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Plaything of the Rich – a History of US Health Insurance

I am half–Canadian and half–American. I grew up mostly in Canada and thus have always had public–run health care in my life. I knew nothing about health insurance companies and all of their fine–print and evil until recently. Since coming to the US, I have not yet come into close contact with the American system since I have been mostly healthy aside from a baseball–related injury here and there.

However, my mother, who is my Canadian half, has had much more difficulty in recent years. This August she found out she has breast cancer for the third time and will be required to go through chemotherapy (something she is enduring right now with amazing resiliency), a double–mastectomy, and then radiation. As this process has advanced, she has found a few deficiencies of the Canadian system: certain medications are not 100% covered in Canada (although alternatives are), and she has been frustrated on occasion with some of the specialists who got caught up in surgery and could not attend to her right away. However, the bottom line is this: with all the other shit she has to deal with surrounding hospitals, and doctors and treatment and feeling good about herself, she has never once had to worry if she would be covered or if she would get a big bill at the end of it. In early 2014, when she is done with all of this, the total direct cost for having withstood all of this will be $0.

That is an amazing thing. Myself, on the other hand, living in the States now and not having a “real” job with a good income nor an employer than can supply me with health care, well . . . my plan is simply not to get sick. Even with the much–discussed Obamacare plan, I personally still have no other option.

Since January 1st, 2014, millions of people in the United States have had access to health care that they previously thought impossible. Nearly forty million people who previously did not have care, can get it. Many on the Right believe that this new health–care plan, colloquially known as Obamacare, is the death knell of private enterprise as it pertains to health. On the Left, the reaction has ranged from praise for the Democrats for getting something done, to outrage that the new plan has no publicly funded option and is still dominated by the insurance industry. This partisanship over an issue as seemingly basic as health is perhaps more striking than discussing the details of the plan itself. I thought the best way to tackle the issue would be to go back to the history of the US health–care system and then to briefly compare it to the system of our neighbors to the north in Canada.

What became alarmingly clear when reading into the past was that the health of the American people has always been the plaything of the rich and powerful. No matter the era, health care policy has always been more about garnering votes and placating the masses than it has been about a genuine concern for having a healthy population in the US.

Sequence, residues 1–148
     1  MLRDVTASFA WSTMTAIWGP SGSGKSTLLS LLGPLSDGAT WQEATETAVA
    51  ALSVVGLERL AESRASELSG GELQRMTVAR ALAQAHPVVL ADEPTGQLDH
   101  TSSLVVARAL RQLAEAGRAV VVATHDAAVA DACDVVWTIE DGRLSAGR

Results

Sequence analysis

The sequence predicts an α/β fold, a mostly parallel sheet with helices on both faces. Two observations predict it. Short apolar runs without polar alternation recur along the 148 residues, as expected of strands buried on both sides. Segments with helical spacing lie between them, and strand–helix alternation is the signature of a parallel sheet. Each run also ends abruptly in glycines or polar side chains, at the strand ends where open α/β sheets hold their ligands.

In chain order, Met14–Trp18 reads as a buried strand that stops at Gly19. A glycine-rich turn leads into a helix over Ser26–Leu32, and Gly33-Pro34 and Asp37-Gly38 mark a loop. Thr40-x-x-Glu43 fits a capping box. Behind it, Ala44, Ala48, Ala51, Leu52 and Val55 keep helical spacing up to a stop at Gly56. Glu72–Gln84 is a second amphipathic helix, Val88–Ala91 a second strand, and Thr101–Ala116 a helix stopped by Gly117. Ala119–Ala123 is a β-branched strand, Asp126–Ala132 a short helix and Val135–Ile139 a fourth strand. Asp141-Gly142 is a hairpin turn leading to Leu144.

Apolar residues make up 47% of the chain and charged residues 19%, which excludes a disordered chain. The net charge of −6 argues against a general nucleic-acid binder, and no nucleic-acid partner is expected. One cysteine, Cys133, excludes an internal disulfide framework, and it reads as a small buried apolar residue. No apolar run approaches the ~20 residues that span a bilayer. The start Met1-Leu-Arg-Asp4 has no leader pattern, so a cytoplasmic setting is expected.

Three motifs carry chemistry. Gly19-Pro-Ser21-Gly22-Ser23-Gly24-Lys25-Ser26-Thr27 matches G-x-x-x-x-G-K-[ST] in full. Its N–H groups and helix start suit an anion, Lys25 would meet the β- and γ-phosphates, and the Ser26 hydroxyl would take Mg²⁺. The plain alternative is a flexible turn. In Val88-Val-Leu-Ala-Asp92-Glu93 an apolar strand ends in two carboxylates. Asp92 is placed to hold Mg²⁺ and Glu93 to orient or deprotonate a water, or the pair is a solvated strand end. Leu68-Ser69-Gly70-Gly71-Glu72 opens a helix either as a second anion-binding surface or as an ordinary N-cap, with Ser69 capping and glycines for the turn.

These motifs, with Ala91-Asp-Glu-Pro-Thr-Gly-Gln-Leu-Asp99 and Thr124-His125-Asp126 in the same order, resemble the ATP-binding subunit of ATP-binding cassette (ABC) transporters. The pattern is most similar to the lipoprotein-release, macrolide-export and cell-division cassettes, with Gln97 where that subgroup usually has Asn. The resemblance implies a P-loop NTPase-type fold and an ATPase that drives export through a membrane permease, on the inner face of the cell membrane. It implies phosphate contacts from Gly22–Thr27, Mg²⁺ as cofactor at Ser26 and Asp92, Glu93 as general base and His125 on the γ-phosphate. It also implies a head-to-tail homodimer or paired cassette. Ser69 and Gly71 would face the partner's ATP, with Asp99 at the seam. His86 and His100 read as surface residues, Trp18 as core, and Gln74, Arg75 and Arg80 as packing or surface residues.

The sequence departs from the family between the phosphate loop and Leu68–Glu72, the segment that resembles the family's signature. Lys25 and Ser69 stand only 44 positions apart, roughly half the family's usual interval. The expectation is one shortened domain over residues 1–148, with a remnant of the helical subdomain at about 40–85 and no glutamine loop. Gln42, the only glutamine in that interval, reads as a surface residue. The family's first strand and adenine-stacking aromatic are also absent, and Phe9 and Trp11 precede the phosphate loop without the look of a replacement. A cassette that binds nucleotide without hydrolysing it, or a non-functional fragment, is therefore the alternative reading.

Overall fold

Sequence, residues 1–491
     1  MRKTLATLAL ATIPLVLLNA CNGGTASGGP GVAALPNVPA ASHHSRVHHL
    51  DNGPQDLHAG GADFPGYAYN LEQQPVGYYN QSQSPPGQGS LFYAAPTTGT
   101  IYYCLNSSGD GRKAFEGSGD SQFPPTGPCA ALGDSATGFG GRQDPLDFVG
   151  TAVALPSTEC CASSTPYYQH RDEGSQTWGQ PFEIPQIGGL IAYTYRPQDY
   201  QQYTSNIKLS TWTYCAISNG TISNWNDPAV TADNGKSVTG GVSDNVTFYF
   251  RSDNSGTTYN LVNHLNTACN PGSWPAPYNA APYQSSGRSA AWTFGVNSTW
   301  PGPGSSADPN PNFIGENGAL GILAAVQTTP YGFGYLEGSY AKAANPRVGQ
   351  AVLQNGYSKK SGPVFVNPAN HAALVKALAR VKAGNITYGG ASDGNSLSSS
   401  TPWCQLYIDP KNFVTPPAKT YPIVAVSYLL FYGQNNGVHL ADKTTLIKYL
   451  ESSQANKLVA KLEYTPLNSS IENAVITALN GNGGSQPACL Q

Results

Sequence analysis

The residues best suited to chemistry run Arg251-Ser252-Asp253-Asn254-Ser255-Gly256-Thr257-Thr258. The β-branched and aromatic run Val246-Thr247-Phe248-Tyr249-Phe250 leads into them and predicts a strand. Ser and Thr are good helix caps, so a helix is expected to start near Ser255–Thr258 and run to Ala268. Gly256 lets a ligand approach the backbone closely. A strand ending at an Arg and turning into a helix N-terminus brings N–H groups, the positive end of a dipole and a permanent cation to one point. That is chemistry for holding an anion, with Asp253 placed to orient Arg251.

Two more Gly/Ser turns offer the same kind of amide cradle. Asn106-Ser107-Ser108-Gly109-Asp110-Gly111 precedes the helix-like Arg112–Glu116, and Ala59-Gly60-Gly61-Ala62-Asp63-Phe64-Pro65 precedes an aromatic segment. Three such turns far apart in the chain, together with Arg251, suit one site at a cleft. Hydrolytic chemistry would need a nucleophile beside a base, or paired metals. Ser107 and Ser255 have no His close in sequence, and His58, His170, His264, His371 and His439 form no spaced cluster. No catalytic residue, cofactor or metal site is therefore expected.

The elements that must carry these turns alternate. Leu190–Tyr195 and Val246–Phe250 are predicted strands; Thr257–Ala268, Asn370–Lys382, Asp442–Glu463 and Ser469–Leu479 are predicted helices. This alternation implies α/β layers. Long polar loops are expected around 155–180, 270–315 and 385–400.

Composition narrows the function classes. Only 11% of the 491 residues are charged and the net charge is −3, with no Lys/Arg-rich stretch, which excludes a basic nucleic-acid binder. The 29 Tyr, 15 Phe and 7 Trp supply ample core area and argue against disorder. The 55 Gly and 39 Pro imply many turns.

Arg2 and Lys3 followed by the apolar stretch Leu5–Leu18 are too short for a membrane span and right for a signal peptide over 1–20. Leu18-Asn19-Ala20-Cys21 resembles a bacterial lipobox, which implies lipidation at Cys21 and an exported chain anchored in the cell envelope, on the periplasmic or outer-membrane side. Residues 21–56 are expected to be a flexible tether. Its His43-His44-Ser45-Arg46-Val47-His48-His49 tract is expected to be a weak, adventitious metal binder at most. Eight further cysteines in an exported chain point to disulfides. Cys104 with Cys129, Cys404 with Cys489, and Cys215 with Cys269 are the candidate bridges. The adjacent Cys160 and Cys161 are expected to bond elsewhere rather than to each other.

the early days (pre–1920)

It would be safe to say that in the early part of the twentieth century the United States was already lagging well behind its European counterparts in healthcare accessibility. Until the 1920s there was no organized coverage afforded to American citizens. Unsurprisingly, the first calls for coverage came not from governmental circles, but rather from the labor movement, which was gaining great strength in this period.

By contrast, male German workers were partially covered in 1883; Swedish workers in 1891; Danish in 1892; and the Austro–Hungarian Empire, Norway, Switzerland, Britain, Russia and the Netherlands followed suit in 1912. Ironically, almost all of these initiatives were enacted not from leftist governments, but rather by conservative administrations fearing the rise of the working person and potential revolution. This pattern was followed in the US, albeit at a much slower pace.

In 1906, the American Association of Labor Legislation (AALL) proposed a solution which would cover local workers in much the same way that plans had elsewhere (any male making under $1200 per year would be eligible). It took nine years, but in 1915 the bill was finally introduced into congress. It was crushed, and was never really seriously considered as an option by any of the major parties who retained seats. The core reason for the bill’s defeat is one that is still well–understood today: red–baiting. Much of the debate in the house during that year centered not on health but rather on “Bolshevism” and the concern that giving people publicly funded health care would inevitably lead to a communist takeover. In addition, the bill–writers made a grave error by including the concept of death insurance in the act, thus taking on not only apathetic politicians, but also the already–massive and powerful insurance industry. Health insurance did not exist at that time per se, but life insurance certainly did, and those corporations were not ready to give up their stranglehold on the industry.